Audrey II: gone but apparently not forgotten

As I grapple with a supernatural beast (of sorts) for The Mare’s Tale music project, it seems apt if strange to have stumbled upon a blog site previously unknown to me, that has on it a paean to a creature I designed and brought to life on a theatre stage long, long ago. Click HERE and scroll to the bottom of the post to read ‘Bogleech’s’ appreciation of the puppet I dreamt up for the Theatr Clwyd production of Little Shop of Horrors over twenty-five years ago! (Labelled in the post as ‘A mysterious Welsh Audrey II’)

Above: the third-stage Audrey II under construction.

Above: the framework of the puppet when clad with latex skin.

I wasn’t able to leave a comment at the blog, but I sent an e-mail to the blogger to give a little more information that I thought might be of interest. I wrote:

‘Hello. I’m Clive, the designer and director of  the ‘mysterious Welsh Audrey II’!

The full-scale Audrey went into storage in Mold, but I’m quite sure she’s long gone as that was over twenty years ago. We’d hoped to nationally tour the production, which had been a great success at Theatre Clwyd, but financing was not forthcoming. I heard that the model for the ‘expressionist’ set was still knocking around in the carpentry shop ten years later, but no doubt that too has now vanished.

There’s an interesting and rather poignant tale about the first-stage Audrey puppet. It went with the actor Michael Finesilver, who had played Seymour, to live in New York. Ten years later a box arrived by post at my home in Wales. Inside was Audrey looking rather the worse for wear. The latex she was made from was crumbling and her cable-controls had broken. With her was a note that read:

Audrey II has been with me for a long time now, but I fear I can no longer look after her. Time to move on. Please give her a good home. Love Fikey.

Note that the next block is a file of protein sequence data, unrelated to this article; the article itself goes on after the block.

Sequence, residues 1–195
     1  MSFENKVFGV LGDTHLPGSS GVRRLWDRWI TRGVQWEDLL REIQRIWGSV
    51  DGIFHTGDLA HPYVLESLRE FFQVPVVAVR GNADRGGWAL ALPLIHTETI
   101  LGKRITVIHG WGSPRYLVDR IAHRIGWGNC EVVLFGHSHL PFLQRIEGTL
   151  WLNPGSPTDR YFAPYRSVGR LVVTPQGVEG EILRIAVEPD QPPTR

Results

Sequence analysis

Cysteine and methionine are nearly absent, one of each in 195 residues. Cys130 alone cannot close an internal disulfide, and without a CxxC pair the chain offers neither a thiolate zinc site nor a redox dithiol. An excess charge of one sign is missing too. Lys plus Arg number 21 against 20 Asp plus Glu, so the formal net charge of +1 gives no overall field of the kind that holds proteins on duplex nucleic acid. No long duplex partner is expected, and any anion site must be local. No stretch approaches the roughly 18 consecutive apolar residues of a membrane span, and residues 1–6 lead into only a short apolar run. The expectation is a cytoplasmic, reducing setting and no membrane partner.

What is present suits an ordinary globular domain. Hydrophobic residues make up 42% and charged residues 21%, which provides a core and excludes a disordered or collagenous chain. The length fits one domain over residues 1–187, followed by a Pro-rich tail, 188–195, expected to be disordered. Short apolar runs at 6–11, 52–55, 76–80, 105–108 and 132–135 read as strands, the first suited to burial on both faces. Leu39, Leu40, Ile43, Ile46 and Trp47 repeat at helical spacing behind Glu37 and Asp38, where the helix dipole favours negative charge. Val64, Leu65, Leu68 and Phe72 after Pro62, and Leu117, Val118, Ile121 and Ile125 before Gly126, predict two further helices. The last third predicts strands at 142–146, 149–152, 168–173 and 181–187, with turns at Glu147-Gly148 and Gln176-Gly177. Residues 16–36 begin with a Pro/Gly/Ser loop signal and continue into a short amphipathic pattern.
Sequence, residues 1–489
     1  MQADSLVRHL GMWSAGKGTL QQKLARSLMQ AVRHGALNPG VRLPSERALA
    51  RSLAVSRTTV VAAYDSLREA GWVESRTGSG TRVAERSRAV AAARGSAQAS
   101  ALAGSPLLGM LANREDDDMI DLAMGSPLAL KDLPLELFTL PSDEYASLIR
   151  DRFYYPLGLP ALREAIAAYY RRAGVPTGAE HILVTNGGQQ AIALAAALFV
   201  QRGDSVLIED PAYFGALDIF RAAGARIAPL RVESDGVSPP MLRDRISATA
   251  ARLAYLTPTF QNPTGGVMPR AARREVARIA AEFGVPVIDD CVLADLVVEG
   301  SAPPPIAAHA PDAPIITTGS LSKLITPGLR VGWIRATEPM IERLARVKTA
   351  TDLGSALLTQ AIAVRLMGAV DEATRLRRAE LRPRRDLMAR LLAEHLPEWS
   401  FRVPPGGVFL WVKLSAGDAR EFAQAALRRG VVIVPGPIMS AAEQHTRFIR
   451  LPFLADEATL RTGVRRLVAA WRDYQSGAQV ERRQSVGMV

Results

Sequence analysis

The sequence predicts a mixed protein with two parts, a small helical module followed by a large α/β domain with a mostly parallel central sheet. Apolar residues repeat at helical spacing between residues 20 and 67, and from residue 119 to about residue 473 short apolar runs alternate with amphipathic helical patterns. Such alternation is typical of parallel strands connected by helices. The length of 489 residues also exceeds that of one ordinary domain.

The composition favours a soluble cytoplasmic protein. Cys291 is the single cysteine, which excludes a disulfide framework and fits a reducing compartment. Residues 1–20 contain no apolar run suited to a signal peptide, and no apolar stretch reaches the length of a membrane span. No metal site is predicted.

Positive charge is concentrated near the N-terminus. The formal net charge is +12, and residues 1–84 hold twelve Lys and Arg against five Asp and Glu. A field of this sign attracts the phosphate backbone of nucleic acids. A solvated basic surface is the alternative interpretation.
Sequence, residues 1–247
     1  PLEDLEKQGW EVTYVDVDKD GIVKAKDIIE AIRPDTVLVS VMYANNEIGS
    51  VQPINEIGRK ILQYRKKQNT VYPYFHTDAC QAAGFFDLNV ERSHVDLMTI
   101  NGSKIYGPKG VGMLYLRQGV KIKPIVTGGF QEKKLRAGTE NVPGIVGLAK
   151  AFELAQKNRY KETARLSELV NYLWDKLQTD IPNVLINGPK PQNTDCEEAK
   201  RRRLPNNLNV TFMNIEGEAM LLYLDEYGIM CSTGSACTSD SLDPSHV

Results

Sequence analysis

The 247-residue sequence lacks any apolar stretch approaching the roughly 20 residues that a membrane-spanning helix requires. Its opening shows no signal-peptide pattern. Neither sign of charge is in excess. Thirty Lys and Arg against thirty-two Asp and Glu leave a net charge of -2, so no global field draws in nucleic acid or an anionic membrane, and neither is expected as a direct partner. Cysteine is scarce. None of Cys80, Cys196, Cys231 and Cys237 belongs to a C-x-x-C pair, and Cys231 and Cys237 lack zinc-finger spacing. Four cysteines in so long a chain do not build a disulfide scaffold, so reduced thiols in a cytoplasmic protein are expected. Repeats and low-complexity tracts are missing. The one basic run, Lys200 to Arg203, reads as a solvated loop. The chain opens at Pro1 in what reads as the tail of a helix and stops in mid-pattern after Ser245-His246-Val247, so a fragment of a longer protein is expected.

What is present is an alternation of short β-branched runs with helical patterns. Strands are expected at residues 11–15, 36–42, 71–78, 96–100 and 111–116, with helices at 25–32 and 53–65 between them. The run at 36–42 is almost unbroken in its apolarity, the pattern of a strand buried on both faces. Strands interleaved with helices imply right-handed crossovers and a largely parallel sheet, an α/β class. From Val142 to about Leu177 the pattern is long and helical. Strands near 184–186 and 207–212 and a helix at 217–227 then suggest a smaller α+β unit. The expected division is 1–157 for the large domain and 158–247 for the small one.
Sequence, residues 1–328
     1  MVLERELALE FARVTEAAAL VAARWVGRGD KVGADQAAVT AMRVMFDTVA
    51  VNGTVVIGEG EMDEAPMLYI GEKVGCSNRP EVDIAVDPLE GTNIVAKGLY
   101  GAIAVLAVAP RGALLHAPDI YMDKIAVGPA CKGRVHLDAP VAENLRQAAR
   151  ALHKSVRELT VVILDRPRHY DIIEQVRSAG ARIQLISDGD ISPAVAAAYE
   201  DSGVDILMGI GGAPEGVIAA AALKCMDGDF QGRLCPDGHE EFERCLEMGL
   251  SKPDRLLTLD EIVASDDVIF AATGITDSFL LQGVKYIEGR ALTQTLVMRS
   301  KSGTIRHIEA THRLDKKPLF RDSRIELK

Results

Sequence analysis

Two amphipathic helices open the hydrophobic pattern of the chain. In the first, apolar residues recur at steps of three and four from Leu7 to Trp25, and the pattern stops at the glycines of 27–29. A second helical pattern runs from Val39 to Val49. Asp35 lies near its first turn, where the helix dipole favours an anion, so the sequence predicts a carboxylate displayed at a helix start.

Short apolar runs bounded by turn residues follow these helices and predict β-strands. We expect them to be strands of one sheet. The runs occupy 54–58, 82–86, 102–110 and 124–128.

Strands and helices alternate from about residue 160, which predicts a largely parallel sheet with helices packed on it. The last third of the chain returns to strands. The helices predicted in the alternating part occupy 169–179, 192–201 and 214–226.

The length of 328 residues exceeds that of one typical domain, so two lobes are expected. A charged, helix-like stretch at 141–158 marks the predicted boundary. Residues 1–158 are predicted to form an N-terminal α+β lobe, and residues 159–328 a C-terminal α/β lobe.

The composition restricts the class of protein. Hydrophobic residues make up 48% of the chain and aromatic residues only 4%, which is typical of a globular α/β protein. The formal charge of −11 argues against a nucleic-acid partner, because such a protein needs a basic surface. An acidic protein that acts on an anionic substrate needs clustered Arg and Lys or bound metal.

Audrey II stayed with me for five or six years, and then came a time when I too had to move on. By then every time I looked at her another piece had fallen off the poor old thing. Finally I called it a day, and she was consigned to landfill.

I’m so touched to find an image and an appreciation of Audrey II on your blog. Thank you for that.

Clive Hicks-Jenkins

Aberystwyth’

Above: Mike Finesilver as Seymour, with the ‘Audrey’ puppet he later took with him to the USA.

Above: the model of the Little Shop set.

More about the production can be found HERE, HERE and HERE.

I see that I wrote in one of my three Little Shop posts back in 2011 that I was going to make a fourth and last one about the inestimable contribution costume designer Terry Parr made to the production, but somehow I never got around to it. I’ll make good that deficit very soon. I have many photographs of  Terry’s costume work on LSoH. She was an inspiration to me as the director, but more importantly she inspired the cast. Terry was a genius at finding the perfect clothes for characters, and I saw the actors physically change at their wardrobe fittings. It was wonderful to watch.

UPDATE: 18/02/13

Date: 18 February 2013 02:06:42 GMT

From Jonathan at Bogleech.

So glad to hear from you! I’d been sent the photos by someone who only said they were “pretty sure” it was “a Welsh production,” which is as detailed as they seemed able to get. Very happy to have correct info, a name and some links to attach – I’ve already updated the old article, along with a new thought or two. Sad to hear she wound up in the trash after so long, but I know with these things you have to focus on getting props working for the show at hand, rather than lasting forever somewhere. I was invited to a temporary art showing here in Florida where I turned an old toilet into an ugly sculpture that now rots outside, collecting stagnant water. Not an inappropriate fate for it, really, but I’d have tried to keep it pristine if I only had a place to put an entire extra toilet that doesn’t do anything.